The Constitution of the Confederate States extends to the Press the ???gi of ils??? protection, and, selecting it out from all other professions, gives it an honorable security against even the Congress of the Confederacy. Coupling it with the free worship of Almighty God the Constitution connects it also with the right of the people peaceably to assemble and to petition the Government for a redress of grievances. Its place in the Constitution is between the Vox Del and the Vox Populi, subordinate to the one, superior to the other. This could not have been mere accident; there must have existed some reason for this protection and for the immediate conjunction with religion and popular petition.

We find this same importance given to the press in the 16th section of the Bill of Rights, reported by Mr. WYTHE. of the Virginta Convention, to the Federal Constitution, as follows: “That the freedom of the press is one of the greatest bulwarks of liberty, and ought not to be violated.” What sort of a bulwark of liberty would the press be with detailed editors — the underlings of an underling? It is to this degraded position that the President has deliberately recommended the Congress to reduce the press. He does not say that the army needs their services, but that the exemption by law should be repeated, and that “a discretion be vested in the military authorities” to detail the editors, whensoever and wheresoever those authorities may regard them as “essential to the public service.”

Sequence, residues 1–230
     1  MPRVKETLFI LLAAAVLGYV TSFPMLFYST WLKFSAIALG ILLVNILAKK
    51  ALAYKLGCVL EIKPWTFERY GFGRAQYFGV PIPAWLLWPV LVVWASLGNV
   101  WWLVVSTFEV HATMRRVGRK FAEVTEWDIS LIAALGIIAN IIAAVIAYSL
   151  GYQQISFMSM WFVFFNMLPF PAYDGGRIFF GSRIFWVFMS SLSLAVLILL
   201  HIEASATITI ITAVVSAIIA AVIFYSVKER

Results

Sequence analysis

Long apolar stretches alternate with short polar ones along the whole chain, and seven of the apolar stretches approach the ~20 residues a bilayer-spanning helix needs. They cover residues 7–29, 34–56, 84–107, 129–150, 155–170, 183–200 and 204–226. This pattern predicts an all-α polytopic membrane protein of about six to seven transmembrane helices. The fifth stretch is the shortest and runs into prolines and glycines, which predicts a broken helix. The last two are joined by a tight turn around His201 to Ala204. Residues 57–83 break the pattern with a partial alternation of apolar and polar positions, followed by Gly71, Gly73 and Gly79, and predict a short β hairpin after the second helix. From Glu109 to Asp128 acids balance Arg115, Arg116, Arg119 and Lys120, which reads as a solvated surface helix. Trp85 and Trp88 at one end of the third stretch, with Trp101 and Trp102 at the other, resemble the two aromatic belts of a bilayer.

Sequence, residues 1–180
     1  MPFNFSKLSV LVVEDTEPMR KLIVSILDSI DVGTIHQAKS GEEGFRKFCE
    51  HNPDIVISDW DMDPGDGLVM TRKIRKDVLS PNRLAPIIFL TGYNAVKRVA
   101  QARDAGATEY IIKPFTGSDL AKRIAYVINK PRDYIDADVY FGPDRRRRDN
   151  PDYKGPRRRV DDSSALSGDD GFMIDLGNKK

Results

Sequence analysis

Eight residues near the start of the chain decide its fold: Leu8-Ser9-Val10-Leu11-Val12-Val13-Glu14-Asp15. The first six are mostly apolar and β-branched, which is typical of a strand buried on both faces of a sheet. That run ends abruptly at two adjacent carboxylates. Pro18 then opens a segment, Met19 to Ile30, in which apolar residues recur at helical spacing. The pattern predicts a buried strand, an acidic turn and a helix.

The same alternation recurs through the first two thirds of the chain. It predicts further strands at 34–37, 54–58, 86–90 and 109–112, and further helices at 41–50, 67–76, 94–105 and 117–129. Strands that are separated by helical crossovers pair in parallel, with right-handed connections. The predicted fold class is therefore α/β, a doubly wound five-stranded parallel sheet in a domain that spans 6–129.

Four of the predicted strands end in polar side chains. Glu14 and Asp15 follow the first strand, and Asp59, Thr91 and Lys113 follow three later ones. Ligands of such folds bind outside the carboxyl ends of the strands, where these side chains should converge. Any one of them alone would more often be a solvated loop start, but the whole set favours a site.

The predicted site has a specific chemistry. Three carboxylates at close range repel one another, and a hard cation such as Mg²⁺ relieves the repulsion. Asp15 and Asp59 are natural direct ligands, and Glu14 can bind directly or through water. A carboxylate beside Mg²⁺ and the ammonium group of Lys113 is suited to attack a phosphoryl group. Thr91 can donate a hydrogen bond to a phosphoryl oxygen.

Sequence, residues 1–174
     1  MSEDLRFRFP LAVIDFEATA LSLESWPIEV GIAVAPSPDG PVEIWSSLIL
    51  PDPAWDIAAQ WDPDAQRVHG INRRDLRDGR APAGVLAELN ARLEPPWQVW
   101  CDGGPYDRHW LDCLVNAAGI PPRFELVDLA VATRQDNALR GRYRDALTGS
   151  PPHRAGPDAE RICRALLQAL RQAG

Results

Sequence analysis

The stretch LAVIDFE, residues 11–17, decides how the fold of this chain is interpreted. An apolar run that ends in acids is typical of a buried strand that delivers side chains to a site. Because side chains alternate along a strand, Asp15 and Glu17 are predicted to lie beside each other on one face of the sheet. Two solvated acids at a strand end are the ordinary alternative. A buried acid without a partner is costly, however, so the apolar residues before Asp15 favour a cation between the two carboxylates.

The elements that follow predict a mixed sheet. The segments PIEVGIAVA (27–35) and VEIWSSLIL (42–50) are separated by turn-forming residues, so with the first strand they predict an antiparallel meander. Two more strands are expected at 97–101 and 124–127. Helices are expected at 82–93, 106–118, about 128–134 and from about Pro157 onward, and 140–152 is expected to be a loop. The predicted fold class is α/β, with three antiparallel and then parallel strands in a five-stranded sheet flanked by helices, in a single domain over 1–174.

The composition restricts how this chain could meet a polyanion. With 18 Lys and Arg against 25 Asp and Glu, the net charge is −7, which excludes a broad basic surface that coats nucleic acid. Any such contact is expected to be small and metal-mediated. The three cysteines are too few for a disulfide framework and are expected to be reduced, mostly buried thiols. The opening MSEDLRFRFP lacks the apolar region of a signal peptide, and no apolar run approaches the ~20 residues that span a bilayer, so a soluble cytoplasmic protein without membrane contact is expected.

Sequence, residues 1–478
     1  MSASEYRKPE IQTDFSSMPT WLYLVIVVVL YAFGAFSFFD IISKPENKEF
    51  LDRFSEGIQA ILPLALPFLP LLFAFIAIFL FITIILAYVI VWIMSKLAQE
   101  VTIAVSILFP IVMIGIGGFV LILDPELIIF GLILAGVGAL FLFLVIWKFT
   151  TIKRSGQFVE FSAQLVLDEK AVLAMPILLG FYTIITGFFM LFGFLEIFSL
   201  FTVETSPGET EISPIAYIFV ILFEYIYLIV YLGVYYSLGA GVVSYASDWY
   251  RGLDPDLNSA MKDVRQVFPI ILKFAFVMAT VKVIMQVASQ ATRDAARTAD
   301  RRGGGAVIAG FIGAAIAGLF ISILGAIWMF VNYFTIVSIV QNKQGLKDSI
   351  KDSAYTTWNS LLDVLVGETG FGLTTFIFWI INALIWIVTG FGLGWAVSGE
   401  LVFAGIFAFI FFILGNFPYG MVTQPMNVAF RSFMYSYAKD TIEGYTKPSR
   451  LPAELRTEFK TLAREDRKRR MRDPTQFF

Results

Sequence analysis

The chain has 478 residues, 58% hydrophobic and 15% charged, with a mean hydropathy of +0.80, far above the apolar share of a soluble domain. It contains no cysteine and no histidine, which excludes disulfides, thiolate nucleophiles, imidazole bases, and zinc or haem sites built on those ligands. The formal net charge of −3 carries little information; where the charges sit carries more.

Editors, as individuals, deserve no more consideration from the Congress than “shoemakers, tanners, blacksmiths, printers, millers, miners, physicians and telegraph operators,” but as the Press, without editors, would be playing Hamlet with the part of Hamlet omitted, there is something due to the intelligence of the people, which demands at the hands of Congress that the Press of the country be not wholly prostrated at the foot of the Executive power, and forced to petition for existence, and to receive it upon such conditions as the Executive, or his detailing subordinates, may choose to impose.